The passing of every old man or woman means the passing of some tradition, some knowledge of sacred rites possessed by no other…Consequently the information that is to be gathered, for the benefit of future generations, respecting the mode of life of one of the great races of mankind, must be collected at once or the opportunity will be lost for all time.

Edward S. Curtis

1907 – Hollow Horn Bear, a Brulé man.

Image: Edward S. Curtis/Library of Congress

 

1906 – A Tewa girl.

Image: Edward S. Curtis/Library of Congress

 

1910 – An Apache woman reaps grain.

Image: Edward S. Curtis/Smithsonian Institution

 

1924 – A Mariposa man on the Tule River Reservation.

Image: Edward S. Curtis/Library of Congress

 

1908 – A Hidatsa man with a captured eagle.

Image: Edward S. Curtis/Library of Congress

 

1910 – A Nootka man aims a bow and arrow.

Image: Edward S. Curtis/Library of Congress

 

1910 – Piegan tepees.

Image: Edward S. Curtis/Library of Congress

 

1905 – A Sioux hunter.

Image: Edward S. Curtis/Library of Congress

1914 – A Kwakiutl shaman.

Image: Edward S. Curtis/Library of Congress

 

1914 – A Kwakiutl man wearing a mask depicting a man transforming into a loon.

Image: Edward S. Curtis/Library of Congress

 

1908 – An Apsaroke man on horseback.

Image: Edward S. Curtis/Library of Congress

 

1923 – A Klamath chief stands on a hill above Crater Lake, Oregon.

Image: Edward S. Curtis/Library of Congress

 

1900 – Iron Breast, a Piegan man.

Image: Edward S. Curtis/Library of Congress

 

1908 – Black Eagle, an Assiniboin man.

Image: Edward S. Curtis/Library of Congress

 

1904 – Nayenezgani, a Navajo man.

Image: Edward S. Curtis/Library of Congress

 

1914 – A Kwakiutl person dressed as a forest spirit, Nuhlimkilaka, (« bringer of confusion »).

Image: Edward S. Curtis/Library of Congress

 

1923 – A Hupa woman.

Image: Edward S. Curtis/Library of Congress

 

1914 – Mowakiu, a Tsawatenok man.

Image: Edward S. Curtis/Library of Congress

 

1900 – Piegan chiefs.

Image: Edward S. Curtis/Library of Congress

 

1910 – Vash Gon, a Jicarrilla man.

Image: Edward S. Curtis/Smithsonian Institute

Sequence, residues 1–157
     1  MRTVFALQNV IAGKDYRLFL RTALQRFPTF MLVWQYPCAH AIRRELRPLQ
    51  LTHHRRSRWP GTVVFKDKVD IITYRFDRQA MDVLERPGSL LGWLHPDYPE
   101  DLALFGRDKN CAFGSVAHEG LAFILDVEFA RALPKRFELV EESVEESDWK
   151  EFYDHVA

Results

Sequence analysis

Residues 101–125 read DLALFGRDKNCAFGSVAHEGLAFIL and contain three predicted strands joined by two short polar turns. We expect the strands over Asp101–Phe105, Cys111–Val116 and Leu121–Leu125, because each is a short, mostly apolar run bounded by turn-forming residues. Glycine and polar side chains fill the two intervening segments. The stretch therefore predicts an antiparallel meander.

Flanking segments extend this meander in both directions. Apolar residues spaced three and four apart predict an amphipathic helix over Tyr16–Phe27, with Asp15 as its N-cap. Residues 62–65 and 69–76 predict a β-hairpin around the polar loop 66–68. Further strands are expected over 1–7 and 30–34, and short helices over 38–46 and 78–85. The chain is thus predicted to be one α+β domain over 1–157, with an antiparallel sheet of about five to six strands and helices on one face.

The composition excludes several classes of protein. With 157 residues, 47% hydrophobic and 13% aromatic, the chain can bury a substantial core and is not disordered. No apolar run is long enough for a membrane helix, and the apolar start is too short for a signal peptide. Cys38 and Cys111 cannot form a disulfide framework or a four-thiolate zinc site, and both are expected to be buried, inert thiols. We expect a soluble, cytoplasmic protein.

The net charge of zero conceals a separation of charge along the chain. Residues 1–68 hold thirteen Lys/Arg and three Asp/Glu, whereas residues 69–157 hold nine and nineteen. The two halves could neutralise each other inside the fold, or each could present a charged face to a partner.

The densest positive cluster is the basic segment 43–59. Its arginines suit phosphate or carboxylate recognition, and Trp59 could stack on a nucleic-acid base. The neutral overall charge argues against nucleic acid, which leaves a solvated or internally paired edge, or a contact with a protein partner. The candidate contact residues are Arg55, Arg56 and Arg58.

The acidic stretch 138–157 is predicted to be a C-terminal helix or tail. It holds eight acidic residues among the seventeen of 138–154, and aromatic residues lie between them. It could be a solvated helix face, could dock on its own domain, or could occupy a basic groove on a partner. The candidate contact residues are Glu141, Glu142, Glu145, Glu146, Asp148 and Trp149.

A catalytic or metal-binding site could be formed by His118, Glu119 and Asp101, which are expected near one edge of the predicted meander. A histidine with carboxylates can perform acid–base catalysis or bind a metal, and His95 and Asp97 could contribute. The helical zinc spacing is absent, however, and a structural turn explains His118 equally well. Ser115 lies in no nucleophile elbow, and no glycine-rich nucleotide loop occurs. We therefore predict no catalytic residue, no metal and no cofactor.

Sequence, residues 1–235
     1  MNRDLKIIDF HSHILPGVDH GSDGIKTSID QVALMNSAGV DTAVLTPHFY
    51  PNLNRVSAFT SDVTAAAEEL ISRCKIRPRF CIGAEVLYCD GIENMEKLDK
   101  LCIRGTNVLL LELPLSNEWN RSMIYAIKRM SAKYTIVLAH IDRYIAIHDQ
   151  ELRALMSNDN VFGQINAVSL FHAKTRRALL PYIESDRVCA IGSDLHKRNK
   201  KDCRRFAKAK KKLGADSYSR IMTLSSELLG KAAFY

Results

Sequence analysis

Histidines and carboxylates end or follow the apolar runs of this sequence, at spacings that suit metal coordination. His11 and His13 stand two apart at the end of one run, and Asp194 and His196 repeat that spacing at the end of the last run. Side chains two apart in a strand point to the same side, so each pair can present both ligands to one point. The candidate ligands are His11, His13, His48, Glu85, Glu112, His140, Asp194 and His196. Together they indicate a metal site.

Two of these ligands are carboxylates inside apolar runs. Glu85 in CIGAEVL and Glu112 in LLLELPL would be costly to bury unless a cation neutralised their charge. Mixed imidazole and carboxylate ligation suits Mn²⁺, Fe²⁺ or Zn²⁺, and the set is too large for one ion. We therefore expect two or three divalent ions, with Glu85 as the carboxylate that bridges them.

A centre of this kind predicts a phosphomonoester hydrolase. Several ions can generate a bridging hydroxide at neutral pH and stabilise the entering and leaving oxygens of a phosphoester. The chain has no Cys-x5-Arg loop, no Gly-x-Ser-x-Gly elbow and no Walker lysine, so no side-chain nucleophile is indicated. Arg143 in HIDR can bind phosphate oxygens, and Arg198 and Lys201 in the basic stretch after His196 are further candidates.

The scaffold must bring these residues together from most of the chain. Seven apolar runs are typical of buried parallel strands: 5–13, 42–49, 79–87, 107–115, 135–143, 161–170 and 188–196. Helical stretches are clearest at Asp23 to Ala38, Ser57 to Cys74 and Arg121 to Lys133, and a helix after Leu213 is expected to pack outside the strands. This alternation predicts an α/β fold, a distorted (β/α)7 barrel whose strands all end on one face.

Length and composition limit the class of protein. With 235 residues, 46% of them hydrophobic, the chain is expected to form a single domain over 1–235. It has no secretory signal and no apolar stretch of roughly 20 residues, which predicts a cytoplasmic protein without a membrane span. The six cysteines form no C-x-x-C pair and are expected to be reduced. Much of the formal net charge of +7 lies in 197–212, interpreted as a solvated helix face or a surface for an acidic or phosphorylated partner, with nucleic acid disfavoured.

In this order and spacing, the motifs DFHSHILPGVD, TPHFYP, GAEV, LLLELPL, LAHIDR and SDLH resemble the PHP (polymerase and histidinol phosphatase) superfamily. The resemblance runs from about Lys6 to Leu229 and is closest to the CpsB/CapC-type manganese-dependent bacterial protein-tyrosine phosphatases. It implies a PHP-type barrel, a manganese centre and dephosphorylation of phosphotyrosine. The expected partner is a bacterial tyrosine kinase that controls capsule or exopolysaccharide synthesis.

1905 – « The Hopi Maiden. »

Image: Edward S. Curtis/Library of Congress

 

1910 – A Jicarrilla girl.

Image: Edward S. Curtis/Smithsonian Institution

 

1903 – A Zuni woman.

Image: Edward S. Curtis/Library of Congress

 

1905 – Iahla, also known as « Willow, » of the Taos Pueblo.

Image: Edward S. Curtis/Library of Congress

 

1907 – A Papago woman.

Image: Edward S. Curtis/Library of Congress

 

1923 – A Hupa spear fisherman watches for salmon.

Image: Edward S. Curtis/Library of Congress

 

1907 – A Maricopa woman.

Image: Edward S. Curtis/Library of Congress

 

1905 – Okuwa-Tsire, also known as « Cloud Bird, » of the San Ildefonso Pueblo.

Image: Edward S. Curtis/Library of Congress

 

1907 – A Maricopa woman with arrow-brush stalks.

Image: Edward S. Curtis/Library of Congress

 

1908 – An Apsaroke shaman.

Image: Edward S. Curtis/Library of Congress

 

1924 – A Cahuilla woman.

Image: Edward S. Curtis/Library of Congress

 

1910 – A Kwakiutl chief’s daughter.

Image: Edward S. Curtis/Library of Congress

 

1910 – A Kutenai duck hunter.

Image: Edward S. Curtis/Library of Congress

 

1908 – Medicine Crow, of the Apsaroke tribe.

Image: Edward S. Curtis/Library of Congress

 

1910 – A Wishran girl.

Image: Edward S. Curtis/Library of Congress

 

1904 – Nesjaja Hatali, Navajo medicine man.

Image: Edward S. Curtis/Library of Congress

 

1910 – Members of the Qagyuhl tribe dance to restore an eclipsed moon.

Image: Edward S. Curtis/Smithsonian Institution

Source : http://mashable.com/2015/11/25/edward-curtis-native-americans/#sRO6nxLRSkqR

Catégorie : Etats-Unis